I’m not sure what the proper course of action is in a situation like this. Really, I just don't know...

Toni picked up the phone and started calling the family members whose numbers she had collected the night before-

“Hi, sorry to bother you. This is Toni from City EMS, I need to ask you a very important question…”

Some amateur grief counseling followed and after 20 minutes and two more phone calls she located the purse (now holding $20 cash according to the young woman who had it)

Arrangements were made and the damn thing made its way back to the station.

First- I was there as the calls were made so I can testify this a true and accurate tale of Urban EMS Bloopers, Blunders and you know, whatever…

Second- it was a total idiot move. Learn a lesson from it and don’t be a dumbass.

Photo from Kekka

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Thursday, October 22, 2009

Pedro on System Abusers

The bottom line is- sometimes the EMS system abuser gets you, and sometimes, rarely- you get the system abuser.

Later in your EMS management course of study we will delve further into the world of the system abuser but for now let's just say this- EMS or 911 system abusers come in all shapes and sizes of motivations. Some need attention, some view EMS as part of a city wide rapid transit network, they're drug seekers, on and on and on...

Sometimes, the abusers come from inside the system. Hmmm...

So it's a busy Wednesday in the City, when you are dispatched via the County wide 911 emergency system:

"Medic XX go to St Xxxxxxxx Hospital, 6th floor nursing station for a possible non emergency transport, unknown problem."

Very odd, our 911 system is for emergencies- what the hell is going on? Quick check with the District Chief brings this directive, " Go up there and find out what's going on and then get back in service"

Well, we all know what's going on- the girls on the sixth floor got tired of waiting for a scheduled transport and called it in to 911. That's about to blow right the f*** up on them. Sorry ladies...

"Dispatch show us enroute. We're coming from a distance so start the St Xxxxxxxxx Response Truck up there... uh, until we know what's going on, start the police up there as well."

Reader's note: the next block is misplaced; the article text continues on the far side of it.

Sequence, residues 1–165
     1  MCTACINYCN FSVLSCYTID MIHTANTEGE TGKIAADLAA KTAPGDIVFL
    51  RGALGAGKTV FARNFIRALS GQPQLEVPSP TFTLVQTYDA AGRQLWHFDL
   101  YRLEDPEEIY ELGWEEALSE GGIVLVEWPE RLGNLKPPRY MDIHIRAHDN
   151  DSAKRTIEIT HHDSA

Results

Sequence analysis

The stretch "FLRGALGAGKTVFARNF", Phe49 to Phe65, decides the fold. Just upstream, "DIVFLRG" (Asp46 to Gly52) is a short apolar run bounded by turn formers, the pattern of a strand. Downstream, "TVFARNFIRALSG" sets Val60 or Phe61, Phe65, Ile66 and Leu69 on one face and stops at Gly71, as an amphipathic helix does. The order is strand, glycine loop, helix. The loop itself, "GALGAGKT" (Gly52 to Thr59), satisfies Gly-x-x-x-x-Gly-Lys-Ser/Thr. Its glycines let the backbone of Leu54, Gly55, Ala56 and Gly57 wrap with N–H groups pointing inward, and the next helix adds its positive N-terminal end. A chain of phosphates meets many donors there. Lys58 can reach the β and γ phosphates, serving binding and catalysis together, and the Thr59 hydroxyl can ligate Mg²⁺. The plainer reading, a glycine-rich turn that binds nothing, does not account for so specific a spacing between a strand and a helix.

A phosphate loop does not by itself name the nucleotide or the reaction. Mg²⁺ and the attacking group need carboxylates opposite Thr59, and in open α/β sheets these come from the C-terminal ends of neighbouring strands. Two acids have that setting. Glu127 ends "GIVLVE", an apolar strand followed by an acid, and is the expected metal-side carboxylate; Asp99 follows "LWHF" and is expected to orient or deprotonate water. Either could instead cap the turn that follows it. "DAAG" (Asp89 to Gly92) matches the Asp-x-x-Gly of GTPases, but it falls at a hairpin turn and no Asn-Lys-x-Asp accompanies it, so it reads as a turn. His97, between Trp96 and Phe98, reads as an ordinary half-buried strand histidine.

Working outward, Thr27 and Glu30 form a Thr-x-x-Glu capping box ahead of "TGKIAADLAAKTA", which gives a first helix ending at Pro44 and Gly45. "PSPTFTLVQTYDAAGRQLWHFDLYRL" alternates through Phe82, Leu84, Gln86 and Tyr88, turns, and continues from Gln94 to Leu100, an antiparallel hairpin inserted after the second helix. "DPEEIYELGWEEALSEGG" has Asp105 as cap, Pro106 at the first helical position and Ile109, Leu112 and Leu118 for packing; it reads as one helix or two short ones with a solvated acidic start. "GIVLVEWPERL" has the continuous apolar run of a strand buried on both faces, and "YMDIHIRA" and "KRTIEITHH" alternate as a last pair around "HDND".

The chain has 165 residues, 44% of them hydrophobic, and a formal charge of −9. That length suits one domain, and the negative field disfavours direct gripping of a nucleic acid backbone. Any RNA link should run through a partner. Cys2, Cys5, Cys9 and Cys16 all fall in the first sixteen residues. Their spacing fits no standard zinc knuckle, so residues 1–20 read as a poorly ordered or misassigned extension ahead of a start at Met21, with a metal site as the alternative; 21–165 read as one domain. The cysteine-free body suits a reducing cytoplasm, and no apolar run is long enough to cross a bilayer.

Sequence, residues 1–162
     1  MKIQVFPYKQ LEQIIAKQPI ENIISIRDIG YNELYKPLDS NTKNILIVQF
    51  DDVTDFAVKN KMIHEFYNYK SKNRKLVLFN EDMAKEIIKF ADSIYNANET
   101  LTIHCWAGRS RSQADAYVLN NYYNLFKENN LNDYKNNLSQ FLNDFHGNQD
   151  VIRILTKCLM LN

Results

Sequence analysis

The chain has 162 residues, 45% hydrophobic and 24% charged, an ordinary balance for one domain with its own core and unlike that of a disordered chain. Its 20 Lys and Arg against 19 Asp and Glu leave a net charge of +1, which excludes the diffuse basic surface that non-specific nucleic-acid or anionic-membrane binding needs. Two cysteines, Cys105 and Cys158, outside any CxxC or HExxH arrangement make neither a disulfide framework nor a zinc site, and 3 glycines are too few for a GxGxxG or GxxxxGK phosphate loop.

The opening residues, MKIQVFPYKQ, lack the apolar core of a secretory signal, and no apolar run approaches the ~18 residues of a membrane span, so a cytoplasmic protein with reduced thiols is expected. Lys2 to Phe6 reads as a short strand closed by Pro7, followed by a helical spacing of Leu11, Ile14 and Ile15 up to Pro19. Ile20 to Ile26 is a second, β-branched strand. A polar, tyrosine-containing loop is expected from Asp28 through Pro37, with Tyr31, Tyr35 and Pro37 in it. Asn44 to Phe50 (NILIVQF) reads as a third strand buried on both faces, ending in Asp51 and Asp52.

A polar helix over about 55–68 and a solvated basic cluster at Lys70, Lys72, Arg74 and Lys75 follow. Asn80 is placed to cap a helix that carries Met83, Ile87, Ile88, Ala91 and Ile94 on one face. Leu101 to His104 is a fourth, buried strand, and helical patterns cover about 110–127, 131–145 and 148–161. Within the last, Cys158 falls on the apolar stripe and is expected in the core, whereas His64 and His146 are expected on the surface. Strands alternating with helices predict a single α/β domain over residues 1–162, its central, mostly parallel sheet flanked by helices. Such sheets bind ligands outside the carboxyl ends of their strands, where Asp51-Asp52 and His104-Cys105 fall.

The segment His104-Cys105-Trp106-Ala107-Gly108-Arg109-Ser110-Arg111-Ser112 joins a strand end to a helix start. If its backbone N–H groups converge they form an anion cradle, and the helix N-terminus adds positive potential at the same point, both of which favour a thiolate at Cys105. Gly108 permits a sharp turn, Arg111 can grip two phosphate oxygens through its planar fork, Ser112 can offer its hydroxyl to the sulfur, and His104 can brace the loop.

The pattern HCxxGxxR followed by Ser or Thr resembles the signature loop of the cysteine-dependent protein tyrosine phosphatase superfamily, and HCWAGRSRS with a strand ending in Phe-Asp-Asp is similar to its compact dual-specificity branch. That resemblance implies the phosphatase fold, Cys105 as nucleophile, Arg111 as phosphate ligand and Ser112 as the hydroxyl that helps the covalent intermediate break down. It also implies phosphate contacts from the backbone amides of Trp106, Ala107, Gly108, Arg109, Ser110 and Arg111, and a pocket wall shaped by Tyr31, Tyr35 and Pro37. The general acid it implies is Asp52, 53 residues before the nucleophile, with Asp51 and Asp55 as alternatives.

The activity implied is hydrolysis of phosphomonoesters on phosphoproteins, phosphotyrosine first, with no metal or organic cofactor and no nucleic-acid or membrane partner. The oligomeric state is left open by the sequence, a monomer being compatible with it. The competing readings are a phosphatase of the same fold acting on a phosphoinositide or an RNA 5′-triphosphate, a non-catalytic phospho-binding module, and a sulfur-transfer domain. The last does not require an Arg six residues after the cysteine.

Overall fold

It took my partner and I a good 10 minutes to make our way through traffic and get up to the sixth floor, where we were greeted by an extremely pissed Hospital Response Medic and a bemused but irritated police officer...

... and an RN who held out a large brown envelope and said, "She's in 602, she's going to XXX Nursing Home"

"Well ma'am we've got a problem. You see, when you activated the 911 system you caused ME to be dispatched on a medical emergency... and I can only take an emergency patient to an Emergency Room. So, what emergency room is the emergency patient in 602 going to?"

"Guys, I'm sorry you had to come up here- but I just couldn't take a chance on some unknown problem what with us responding from cross town to the emergency these folks called in."

"Anyway ma'am, I really need to know right now what's going on and what emergency room we are going to. This is an emergency isn't it? I mean, if it's not-we're out of here and you can explain to the officer and your hospital Medic why they're here and, uh, you know, why we're all here."

Long story, short ending- we returned to service with no patient contact.

I can only assume there was no emergency.

Thursday, October 15, 2009

Pedro On Riding Ghetto Elevators

Ghetto elevators, I hate 'em. I'm talking about the one's with an inch of either green or dark blue paint on the doors, the one's that drop half a foot before they go up. Or when they stop. The one's that are too small for a stretcher even after you fold it like a Transformer.

Ghetto elevators also shudder when they move, have lights that flicker and the cars smell like piss, pot and burning machine oil.

Whenever possible I will take the stairs. I usually arrive on the floor long before the Ghetto elevator. Even when carrying the House bag, even when the landings are filled with Gangstas.

Here is a little known fact about elevators you might not be aware of. Not just Ghetto elevators, all elevators. Store this little factoid away in the back of your mind if you are afraid of elevators: